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Dual Band Channels

I do just enough wireless to be dangerous but not enough to be really good at it. I am setting up Dual Band Access Points. I am pretty sure I want Channel 6 on the 2.4Ghz band because it is non-overlapping. What would be the recommended Channel on the 5Ghz band?
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LockDown32
Asked:
LockDown32
3 Solutions
 
Paul MacDonaldDirector, Information SystemsCommented:
I always set these to auto and let the router figure it out.  Channels only matter if there are neighboring transceivers on the same channel.

There's an Android app called WiFi Analyzer that I've used to detect nearby routers for this purpose, when I felt the need.  You can give it a try.  I don't work for, nor do I receive compensation from, the company that makes that product.
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masnrockCommented:
The best wireless channels to use depends on the other wireless networks in the vicinity. You'd be best served surveying the networks nearby using an app like Wifi Explorer (I have this on my Android phone).

1, 6, and 11 are the nonoverlapping channels for 2.4 GHz networks.

5 GHz networks have 24 channels that don't overlap, so you should have far more flexibility.

Here's a link to educate you a little bit more:
http://www.metageek.com/training/resources/design-dual-band-wifi.html

In your situation, the best option might be to leave the channel settings on "Auto", then revisit the issue later when you have a better idea of the surround networks. Otherwise, do the survey as I've mentioned a little early. Hopefully the things you learn will help you become a little less dangerous :)
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r mathCommented:
I agree with all of the above – channel setting is most useful when you have an interference situation where there are other access points within 300 to 600 feet.  Note, the 300 to 600 feet can vary.
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LockDown32Author Commented:
There are no other surrounding networks. I do not like the Auto setting because you are relying on the AP to pick the best channel. I want to go Static IP and Fixed Channels. I was given the link above and after reading the article probably had more questions then answers. I have no intention of doing this for a living :) One shot and out. So pick any old channel on the 5Ghz huh?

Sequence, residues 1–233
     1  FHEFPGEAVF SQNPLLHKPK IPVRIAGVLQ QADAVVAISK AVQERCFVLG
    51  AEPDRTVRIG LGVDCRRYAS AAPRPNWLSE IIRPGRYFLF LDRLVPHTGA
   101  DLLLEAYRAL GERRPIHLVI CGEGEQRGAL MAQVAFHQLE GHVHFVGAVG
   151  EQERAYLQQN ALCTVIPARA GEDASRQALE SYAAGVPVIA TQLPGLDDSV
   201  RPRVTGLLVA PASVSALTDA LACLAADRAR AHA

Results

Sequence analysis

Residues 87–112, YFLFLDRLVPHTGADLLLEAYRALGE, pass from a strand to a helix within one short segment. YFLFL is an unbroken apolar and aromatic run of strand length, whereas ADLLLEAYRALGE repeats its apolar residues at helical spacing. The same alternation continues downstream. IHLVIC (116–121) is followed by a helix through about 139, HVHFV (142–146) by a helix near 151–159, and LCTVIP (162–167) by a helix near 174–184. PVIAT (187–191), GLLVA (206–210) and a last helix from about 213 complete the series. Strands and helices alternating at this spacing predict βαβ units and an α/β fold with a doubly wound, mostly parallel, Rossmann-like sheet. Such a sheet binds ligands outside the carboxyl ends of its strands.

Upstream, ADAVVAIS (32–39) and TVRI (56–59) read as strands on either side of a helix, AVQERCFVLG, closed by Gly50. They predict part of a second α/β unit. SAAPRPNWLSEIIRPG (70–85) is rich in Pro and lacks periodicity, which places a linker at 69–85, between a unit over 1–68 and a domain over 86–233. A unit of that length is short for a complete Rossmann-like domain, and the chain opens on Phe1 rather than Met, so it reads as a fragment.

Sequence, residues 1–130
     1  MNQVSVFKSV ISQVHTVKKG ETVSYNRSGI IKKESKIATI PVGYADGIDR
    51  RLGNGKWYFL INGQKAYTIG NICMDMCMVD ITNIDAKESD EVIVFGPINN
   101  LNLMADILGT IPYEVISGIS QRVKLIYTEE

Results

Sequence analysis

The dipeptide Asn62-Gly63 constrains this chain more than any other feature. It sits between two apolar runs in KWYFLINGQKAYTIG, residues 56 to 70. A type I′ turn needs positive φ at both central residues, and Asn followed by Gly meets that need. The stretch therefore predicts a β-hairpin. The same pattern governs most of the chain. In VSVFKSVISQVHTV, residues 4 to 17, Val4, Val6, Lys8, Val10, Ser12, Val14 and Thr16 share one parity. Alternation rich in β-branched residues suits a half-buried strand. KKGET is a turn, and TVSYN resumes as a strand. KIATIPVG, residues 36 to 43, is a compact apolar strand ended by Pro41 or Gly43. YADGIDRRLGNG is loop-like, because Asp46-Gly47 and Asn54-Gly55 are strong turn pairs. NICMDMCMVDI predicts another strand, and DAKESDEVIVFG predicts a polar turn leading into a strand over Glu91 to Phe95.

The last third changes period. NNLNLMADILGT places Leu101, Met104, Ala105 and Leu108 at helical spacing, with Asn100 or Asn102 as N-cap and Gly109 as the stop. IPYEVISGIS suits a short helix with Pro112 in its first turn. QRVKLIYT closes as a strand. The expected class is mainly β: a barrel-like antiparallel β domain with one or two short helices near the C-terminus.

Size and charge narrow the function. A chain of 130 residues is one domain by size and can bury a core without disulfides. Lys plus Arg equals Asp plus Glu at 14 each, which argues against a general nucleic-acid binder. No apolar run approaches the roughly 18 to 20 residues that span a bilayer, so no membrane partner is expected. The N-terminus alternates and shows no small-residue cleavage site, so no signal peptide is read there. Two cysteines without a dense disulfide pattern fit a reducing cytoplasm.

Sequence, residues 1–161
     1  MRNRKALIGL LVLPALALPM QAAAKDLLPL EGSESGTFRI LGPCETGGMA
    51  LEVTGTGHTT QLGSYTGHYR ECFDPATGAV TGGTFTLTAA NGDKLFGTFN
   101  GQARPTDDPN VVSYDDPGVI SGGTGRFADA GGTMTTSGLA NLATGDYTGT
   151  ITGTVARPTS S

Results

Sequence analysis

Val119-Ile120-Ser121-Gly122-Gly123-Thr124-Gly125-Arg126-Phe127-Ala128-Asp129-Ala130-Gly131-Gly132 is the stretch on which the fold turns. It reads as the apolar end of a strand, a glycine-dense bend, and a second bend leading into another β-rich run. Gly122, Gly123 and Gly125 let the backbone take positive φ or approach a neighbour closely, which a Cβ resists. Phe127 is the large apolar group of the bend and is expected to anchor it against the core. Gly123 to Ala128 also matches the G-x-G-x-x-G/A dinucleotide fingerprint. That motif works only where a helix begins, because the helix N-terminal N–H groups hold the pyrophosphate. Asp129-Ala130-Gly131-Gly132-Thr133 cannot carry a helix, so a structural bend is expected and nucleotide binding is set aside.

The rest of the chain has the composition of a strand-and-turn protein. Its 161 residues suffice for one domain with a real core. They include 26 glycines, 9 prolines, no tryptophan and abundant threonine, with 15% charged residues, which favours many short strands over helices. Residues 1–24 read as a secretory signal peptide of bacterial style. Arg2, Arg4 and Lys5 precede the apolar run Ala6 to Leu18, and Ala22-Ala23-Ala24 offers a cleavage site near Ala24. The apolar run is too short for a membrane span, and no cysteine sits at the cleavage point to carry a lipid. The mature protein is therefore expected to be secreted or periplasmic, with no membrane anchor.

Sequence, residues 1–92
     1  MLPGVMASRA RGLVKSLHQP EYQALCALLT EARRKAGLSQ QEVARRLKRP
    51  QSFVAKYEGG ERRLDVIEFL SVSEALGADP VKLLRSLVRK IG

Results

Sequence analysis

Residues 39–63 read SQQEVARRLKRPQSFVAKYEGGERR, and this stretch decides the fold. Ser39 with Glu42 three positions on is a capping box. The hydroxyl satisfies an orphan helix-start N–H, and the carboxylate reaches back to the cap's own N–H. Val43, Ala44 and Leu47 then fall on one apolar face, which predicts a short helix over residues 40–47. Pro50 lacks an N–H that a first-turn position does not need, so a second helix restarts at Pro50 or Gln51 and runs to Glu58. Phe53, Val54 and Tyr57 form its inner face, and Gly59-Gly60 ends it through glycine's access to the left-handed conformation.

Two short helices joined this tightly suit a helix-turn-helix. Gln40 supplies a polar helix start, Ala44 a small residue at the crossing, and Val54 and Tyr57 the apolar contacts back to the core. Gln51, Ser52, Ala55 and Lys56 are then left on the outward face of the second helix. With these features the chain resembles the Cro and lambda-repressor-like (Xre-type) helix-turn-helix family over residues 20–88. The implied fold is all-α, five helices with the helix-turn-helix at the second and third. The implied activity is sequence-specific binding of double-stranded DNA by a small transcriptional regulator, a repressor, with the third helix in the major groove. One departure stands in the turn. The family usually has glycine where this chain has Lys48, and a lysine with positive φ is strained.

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masnrockCommented:
How many APs are you setting up, and over how large an area? Based on what you're mentioning, it almost seems to imply that you either have your own building OR the walls block networks from other nearby offices.

Well, for 5 GHz you can pick any of those 24 channels mentioned. With 2.4 GHz networks, you only have 3 channels to choose from. You want to try to plan in such a fashion that there are no two nearby APs are utilizing the same channel, which is where the channel planning part of the link I provided comes into play. (I've had to do this in a 10 floor hotel with 2.4 GHz APs. Trust me when I say it wasn't fun)

The problem that you may run into in the long run is that if any other networks get set up nearby and happen to choose the same channel, you will feel the impact and may have to revisit the issue. Just make sure you (or whoever will be supporting the wireless) is wary of that fact.
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LockDown32Author Commented:
It is a "standalone" plant. No other wireless networks anywhere. It consists 5 buildings i a line. The only two APs that will be even remotely close are 300' apart and the only reason I need two in that building is because 1 won't cover the whole building. So if the "no two close and on the same channel" is the only issue I am home free. Using Ubiquiti UniFi. I guess channel 40 on the 5Ghz is as good as any.....
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masnrockCommented:
Based on that answer, then yes, you should be fine. However, I'd be wary of the 2 AP building, and use different channels for the two APs. Reason: If any devices are in the area where the signals overlap, you might see that device get confused.
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